Watch the video for “Shake,” a buzzing, fuzzing rocker that explores the loneliness of anxiety and the sting of absence. Conceived, directed and shot by the band while in quarantine - with no previous filmmaking experience to their credit - it captures Native Harrow singer Devin Tuel awaiting dinner guests who never arrive, in the shine of an immaculately captured golden hour. “I dug myself out from the well to make Closeness, a record about love”, professes Tuel. “When I sat down to begin what would become Closeness I felt that above all, I wanted to make it clear that, while the clock is moving, we can hold onto one another and maybe there will be tears but there will also be laughter.” The songs on Closeness were recorded over two sessions; three December days in the dying light of 2019, and the first three new days of January 2020. Composed of takes that captured Tuel’s master vocals live in the room, guitar in hand, with Harms on bass and Hall on drums, the record expands upon this organic base with an array of orchestral flourishes and vintage keyboards that give the proceedings a classic sheen. The result is a masterful collision of nostalgia and immediacy, a recombination of timeless influences performed with care and precision. Whether it’s the blissful chime of “Even Peace,” the hand-clap folk-soul of “If I Could,” or the sighing jazz of “Turn Turn,” Native Harrow exhibit an uncanny ability to elevate Tuel’s searching examinations of struggle, perseverance, solitude, and togetherness into an enveloping cocoon of sound and melody. Closeness follows Native Harrow’s 2019 album Happier Now, which Paste called “timeless — its healing qualities shouldn’t be underestimated” and which Americana UK deemed “a captivating, almost mesmeric album of the highest quality.” In 2019 the duo toured extensively in the UK, and in the US with Great Lake Swimmers. While 2020 shows are on hold, they have rescheduled numerous European tours and festivals, including Black Deer and Deer Shed in the UK, for spring and summer 2021.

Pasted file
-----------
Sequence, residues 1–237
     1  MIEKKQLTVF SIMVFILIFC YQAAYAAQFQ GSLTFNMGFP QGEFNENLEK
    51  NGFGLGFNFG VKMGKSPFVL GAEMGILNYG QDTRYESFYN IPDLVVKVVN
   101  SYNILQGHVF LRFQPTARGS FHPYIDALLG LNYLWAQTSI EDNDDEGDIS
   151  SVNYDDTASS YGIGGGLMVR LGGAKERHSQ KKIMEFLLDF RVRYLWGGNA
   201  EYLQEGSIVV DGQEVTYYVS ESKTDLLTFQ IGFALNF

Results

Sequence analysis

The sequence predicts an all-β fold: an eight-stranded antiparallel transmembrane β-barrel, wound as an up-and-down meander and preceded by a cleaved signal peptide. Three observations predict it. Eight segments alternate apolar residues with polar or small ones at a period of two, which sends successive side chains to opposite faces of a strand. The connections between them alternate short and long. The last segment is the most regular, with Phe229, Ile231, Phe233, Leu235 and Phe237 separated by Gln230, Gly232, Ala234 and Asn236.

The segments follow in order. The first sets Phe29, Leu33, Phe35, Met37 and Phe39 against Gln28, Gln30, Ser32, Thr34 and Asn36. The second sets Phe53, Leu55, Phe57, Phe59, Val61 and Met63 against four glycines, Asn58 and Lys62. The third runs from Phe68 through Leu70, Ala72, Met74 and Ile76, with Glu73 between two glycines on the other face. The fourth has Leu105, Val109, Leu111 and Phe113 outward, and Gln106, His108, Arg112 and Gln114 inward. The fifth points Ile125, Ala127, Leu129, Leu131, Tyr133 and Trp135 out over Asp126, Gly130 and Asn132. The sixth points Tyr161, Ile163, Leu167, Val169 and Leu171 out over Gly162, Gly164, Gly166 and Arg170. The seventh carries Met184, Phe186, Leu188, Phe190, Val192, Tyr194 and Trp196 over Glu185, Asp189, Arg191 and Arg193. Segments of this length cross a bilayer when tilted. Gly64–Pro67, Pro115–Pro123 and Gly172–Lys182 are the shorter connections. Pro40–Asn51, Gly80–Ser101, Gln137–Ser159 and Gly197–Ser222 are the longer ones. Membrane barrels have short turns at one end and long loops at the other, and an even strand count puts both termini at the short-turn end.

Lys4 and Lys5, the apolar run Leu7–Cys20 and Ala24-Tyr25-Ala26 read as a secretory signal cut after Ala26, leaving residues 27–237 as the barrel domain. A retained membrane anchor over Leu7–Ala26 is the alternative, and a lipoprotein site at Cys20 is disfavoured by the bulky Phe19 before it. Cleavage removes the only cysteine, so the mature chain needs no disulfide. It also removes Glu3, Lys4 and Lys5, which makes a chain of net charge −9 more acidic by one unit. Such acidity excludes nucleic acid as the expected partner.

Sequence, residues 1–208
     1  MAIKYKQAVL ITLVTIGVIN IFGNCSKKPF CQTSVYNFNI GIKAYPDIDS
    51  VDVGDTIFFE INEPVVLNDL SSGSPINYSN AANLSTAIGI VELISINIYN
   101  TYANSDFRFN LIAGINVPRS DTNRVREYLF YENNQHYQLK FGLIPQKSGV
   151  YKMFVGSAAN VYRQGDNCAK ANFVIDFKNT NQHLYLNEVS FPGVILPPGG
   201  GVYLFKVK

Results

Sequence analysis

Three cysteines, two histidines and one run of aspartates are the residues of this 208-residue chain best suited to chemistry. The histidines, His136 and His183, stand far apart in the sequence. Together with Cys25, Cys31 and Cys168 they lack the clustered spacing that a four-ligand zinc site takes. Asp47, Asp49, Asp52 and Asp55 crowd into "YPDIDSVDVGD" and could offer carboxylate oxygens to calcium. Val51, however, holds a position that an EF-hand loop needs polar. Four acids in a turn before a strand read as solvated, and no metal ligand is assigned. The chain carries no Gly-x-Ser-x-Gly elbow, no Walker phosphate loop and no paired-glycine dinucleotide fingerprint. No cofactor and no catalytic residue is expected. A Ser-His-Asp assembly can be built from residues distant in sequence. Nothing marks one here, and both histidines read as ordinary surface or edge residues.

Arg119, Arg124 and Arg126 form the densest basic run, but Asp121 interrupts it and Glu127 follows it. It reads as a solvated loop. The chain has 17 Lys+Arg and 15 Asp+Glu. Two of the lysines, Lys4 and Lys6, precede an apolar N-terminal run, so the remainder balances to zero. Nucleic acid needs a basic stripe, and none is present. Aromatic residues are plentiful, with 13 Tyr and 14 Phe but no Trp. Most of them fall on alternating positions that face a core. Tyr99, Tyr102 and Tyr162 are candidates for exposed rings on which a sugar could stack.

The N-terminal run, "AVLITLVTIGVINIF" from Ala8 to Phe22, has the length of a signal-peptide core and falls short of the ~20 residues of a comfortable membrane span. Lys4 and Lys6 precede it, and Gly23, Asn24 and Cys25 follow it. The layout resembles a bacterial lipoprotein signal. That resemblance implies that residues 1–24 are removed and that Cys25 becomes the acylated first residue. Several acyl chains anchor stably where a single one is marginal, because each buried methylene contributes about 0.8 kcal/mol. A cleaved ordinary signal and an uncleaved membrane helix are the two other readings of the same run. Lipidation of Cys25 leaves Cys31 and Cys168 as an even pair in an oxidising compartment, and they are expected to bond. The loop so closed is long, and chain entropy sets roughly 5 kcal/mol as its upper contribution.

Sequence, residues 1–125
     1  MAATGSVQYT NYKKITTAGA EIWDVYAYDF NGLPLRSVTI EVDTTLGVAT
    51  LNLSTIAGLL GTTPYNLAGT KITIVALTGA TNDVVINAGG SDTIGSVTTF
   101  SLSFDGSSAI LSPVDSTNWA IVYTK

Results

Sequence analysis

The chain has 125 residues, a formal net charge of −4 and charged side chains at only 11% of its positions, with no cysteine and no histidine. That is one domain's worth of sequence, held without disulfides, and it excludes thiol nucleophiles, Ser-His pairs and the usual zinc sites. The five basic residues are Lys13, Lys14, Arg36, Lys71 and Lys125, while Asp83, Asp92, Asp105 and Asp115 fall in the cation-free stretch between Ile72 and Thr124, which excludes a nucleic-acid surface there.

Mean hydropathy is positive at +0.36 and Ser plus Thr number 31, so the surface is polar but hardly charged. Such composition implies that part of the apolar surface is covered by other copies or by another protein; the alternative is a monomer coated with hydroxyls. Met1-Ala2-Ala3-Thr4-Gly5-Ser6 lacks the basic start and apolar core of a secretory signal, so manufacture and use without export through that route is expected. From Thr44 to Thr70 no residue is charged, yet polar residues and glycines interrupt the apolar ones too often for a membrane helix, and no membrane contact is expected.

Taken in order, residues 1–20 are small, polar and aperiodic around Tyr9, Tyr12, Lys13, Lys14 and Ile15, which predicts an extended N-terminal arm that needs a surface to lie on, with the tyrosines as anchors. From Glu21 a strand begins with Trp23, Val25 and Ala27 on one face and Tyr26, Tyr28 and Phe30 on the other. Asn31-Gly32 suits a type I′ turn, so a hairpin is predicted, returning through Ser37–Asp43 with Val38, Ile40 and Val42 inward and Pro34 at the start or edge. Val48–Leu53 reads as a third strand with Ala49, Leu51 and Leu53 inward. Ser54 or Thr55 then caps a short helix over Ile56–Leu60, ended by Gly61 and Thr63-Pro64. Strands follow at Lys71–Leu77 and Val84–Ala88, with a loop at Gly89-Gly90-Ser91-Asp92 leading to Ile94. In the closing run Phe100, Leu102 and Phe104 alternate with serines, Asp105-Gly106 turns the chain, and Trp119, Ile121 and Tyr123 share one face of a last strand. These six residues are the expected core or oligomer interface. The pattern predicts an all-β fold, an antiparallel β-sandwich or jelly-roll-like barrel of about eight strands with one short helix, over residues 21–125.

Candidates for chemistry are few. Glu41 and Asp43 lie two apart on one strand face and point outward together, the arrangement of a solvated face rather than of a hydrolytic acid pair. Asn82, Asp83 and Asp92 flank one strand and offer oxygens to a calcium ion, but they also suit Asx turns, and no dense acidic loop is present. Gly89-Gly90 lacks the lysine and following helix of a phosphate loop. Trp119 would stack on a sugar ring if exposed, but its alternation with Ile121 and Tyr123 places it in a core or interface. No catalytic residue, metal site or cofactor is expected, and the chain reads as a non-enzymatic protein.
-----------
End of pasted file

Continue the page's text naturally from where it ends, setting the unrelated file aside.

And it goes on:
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Closeness, the fourth LP from Pennsylvania’s Native Harrow, elaborates on the duo’s radiant warmth and timeless nostalgia with the inclusion of new sounds and experiences. The combustible fuzz-driven opener “Shake” gives way to slices of 70s FM groove (“The Dying of Ages” and the desert funk of “If I Could”), 60s art pop (“Even Peace” and the expansive orchestral “Sun Queen”), and the kind of graceful folk (“Smoke Burns”) and folk soul (the compassionate conviction of “Carry On”) the band is best known for. The intricate polyrhythms and grinding Moog synthesizer (“Same Every Time”), the fully realized vintage jazz combo (“Turn Turn”), and the exquisite piano ballad (the penultimate “Feeling Blue”) provide glimpses down previously unexplored streets and find the band stretching out and confidently illuminating their expansive aspirations.